“Character is destiny.” This is the ironic tagline for Peeple (I’m not linking to it), a new app that wants to be the “Yelp for people” allowing anyone to rate you “professionally, personally and romantically” as long as they have 1) a Facebook account, 2) your phone number and 3) that they’re a real person.
The other day, my friend Loic Le Meur shared a hilarious take on Maslov’s famous Hierarchy of Needs, simply called, “Silicon Valley Hierarchy of Needs.” For many, including me, the list of laughably superficial “needs” of those mocked in Silicon Valley are also a little too familiar or relatable. We all know that person, someone like them, or we’ve seen them characterized in spoofs, TV, movies, books, etc.
It is with great pride, relief ,mixed with a bursting sensation of anxiousness, that I announce my next book, X: The Experience When Business Meets Design.
It’s been a long road to get here. I started writing this book 3.5 – 4 years ago. I couldn’t get my mind fully around the subject matter and instead willfully embraced my avoidance behavior syndrome and ended up writing a book that wasn’t in my plan at all, What’s the Future of Business (WTF) – Changing the Way Businesses Create Experiences. In hindsight, it was meant to be as WTF served as both a mental and physical bridge to X. Now 2.5 years since the release of my last book, X is set to hit shelves and screens mid-October.
As a digital analyst, I spend a lot of his time thinking about the future of customer experience. So much so that my next book attempts to rethink the term “experience,” X:The Experience of Business Meets Design. “X” explores experience architecture the various ways companies can design meaningful and shareable experiences in every moment of truth.
On August 30th, 2015, I dropped the top on my 1960s Corvette Sting Ray, fired up the 427 and made my way from Silicon Valley to Sonoma Raceway for the big IndyCar race finale. For those who don’t know, I am enamored with cars and have been since I was old enough to play with Hot Wheels. I remember obsessively washing my hands before and after too. In fact, my parents still tease me about it to this day because the obsession with cars continues. Except now, I try to have fun with an entirely different scale of rolling toys.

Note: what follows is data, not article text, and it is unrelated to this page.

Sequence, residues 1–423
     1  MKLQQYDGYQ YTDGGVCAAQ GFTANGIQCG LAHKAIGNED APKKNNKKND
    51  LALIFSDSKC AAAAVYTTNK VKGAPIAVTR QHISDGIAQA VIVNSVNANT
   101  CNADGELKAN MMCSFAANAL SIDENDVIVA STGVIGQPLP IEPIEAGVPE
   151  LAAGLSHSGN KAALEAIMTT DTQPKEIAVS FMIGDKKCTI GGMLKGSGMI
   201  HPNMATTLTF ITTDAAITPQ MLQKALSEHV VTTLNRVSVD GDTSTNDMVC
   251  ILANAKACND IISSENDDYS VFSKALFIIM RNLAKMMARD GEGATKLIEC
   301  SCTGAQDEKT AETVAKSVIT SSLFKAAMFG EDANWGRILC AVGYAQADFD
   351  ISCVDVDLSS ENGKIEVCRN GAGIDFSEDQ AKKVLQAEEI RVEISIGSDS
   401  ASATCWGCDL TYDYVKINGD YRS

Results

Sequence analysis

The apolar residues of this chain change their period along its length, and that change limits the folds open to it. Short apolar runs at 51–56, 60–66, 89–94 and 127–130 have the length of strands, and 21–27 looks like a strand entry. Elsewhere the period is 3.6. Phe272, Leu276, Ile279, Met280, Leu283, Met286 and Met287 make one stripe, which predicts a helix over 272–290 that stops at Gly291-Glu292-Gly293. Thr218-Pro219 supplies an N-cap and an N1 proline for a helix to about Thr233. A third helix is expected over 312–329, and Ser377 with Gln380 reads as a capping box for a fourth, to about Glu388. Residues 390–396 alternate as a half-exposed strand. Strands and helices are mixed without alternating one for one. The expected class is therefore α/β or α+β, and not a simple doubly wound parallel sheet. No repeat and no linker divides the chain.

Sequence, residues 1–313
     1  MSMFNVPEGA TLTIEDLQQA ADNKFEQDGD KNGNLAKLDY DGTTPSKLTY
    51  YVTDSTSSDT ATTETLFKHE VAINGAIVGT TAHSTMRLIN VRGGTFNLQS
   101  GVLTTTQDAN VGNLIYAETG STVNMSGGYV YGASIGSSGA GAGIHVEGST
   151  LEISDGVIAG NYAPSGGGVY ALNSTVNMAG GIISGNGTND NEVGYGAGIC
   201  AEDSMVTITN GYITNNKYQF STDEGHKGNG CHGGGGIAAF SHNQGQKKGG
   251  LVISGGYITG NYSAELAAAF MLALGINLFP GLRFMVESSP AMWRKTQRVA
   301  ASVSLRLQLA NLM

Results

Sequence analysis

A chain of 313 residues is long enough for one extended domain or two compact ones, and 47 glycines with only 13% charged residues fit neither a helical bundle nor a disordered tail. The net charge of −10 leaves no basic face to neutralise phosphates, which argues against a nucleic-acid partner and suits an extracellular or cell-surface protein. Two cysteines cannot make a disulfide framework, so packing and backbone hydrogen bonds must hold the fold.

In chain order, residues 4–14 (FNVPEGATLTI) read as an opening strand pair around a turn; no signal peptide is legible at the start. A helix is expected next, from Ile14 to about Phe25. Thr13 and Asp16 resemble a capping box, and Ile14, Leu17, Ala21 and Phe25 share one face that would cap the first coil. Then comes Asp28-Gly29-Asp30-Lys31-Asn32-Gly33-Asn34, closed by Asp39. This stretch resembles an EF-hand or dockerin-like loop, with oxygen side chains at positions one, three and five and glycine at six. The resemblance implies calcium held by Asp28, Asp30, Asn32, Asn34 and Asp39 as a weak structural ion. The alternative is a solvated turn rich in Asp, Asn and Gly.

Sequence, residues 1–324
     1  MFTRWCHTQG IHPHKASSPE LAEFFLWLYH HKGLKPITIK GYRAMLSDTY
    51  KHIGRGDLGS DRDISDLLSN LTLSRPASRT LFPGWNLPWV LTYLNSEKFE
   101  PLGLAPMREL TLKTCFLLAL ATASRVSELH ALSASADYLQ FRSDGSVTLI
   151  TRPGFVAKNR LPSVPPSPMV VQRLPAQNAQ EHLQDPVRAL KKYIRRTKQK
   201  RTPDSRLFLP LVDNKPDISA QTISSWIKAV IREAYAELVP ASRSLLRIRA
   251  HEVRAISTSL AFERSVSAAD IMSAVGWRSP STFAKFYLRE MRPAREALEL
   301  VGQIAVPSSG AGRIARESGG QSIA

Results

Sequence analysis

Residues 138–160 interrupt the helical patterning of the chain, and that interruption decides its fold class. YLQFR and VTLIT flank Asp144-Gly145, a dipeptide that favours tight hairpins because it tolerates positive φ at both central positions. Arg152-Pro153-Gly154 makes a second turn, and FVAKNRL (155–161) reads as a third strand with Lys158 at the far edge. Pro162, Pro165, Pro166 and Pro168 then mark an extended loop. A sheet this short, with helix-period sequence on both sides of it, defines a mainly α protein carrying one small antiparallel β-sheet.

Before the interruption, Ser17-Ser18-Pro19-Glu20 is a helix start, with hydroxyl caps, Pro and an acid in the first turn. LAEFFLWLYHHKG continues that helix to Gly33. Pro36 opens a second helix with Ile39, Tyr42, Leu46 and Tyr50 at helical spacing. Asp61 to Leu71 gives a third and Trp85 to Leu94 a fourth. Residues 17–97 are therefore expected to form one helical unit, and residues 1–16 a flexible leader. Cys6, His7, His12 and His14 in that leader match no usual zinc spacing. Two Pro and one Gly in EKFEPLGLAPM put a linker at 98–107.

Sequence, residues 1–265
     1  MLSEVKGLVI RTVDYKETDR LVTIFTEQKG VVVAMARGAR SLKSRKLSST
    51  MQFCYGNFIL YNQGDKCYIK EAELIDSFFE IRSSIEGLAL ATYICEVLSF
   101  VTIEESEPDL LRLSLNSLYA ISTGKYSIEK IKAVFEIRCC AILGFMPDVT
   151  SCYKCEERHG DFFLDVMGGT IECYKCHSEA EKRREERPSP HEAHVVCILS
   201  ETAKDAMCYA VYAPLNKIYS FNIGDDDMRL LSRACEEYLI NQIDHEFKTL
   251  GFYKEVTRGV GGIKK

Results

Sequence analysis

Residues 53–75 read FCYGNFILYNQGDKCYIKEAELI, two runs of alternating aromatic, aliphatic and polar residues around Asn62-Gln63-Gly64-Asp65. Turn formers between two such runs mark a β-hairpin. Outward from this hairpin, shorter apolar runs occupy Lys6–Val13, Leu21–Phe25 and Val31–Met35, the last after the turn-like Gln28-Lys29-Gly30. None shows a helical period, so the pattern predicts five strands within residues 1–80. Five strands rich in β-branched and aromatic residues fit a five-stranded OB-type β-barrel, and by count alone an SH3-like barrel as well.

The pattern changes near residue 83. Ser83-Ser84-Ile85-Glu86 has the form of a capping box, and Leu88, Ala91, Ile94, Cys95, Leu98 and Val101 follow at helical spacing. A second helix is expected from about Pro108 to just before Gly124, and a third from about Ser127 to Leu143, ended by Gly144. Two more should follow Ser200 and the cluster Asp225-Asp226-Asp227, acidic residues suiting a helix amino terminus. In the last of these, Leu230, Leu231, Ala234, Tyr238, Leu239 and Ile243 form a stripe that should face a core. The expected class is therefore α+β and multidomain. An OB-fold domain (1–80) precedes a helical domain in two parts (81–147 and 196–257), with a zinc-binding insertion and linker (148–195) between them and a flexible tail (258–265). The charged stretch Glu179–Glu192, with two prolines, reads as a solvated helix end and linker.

I am a big fan of Chase Jarvis and I’m also proud to call him a dear friend. As I was preparing for the launch of my next book, I found this gem of a video from 2013. I can’t believe I lost this.
In what is either a serendipitous or coincidental discovery, this video was shot as part of the official debut of CreativeLIVE‘s studio in San Francisco at the same time I was introducing What’s the Future of Business (WTF) with Mekanism.
CIO’s Matt Kapko recently explored why Apple’s social media strategy seems to play the game differently, according to its rules, and not the best practices of everyone else. We talked at length about it now and over the years. This time, I focused specifically on the question about why/why not have an @Apple account. Part of my thoughts made it into the final article, the rest is below for you to see.
I spent some time with Bernhard Steimel to help him with research for his “Smart Service” series. He sent over the audio files from our conversation for review. He organized them into snackable formats to make it easier for me to follow the conversation. It was so well done that he’s allowing me to share the discussion with you.
Each audio segment ranges between two and four minutes.
I hope these brief segments help you in some way…
Marketers often confuse content marketing with engagement. Just because you get someone’s attention doesn’t mean your audience actually cares. You spend all of this time following the work of others, listening to experts who preach soundbites and executing against a programmatic calendar only to miss the very thing that connects with people…relevance.
I’m frustrated that my worth is measured more by the numbers of followers, views or visitors that I have and not the merit or impact of my work. You too must start to feel discontent when it comes to your work being judged on hollow numbers alone. The ability to cause effect or change behavior is true influence and that’s the core of what we stand for.
Brian Solis is a digital analyst, anthropologist, and also a futurist. In his work at Altimeter Group, Solis studies the effects of disruptive technology on business and society. More so, he humanizes technology’s causal effect to help people see people differently and understand what to do about it. He is an award-winning author and avid keynote speaker who is globally recognized as one of the most prominent thought leaders in digital transformation and innovation.
Brian has authored several best-selling books including
What’s the Future of Business (WTF),
The End of Business as Usual.
His blog, BrianSolis.com, is ranked as a leading resource for insights into the future of business, new technology and marketing.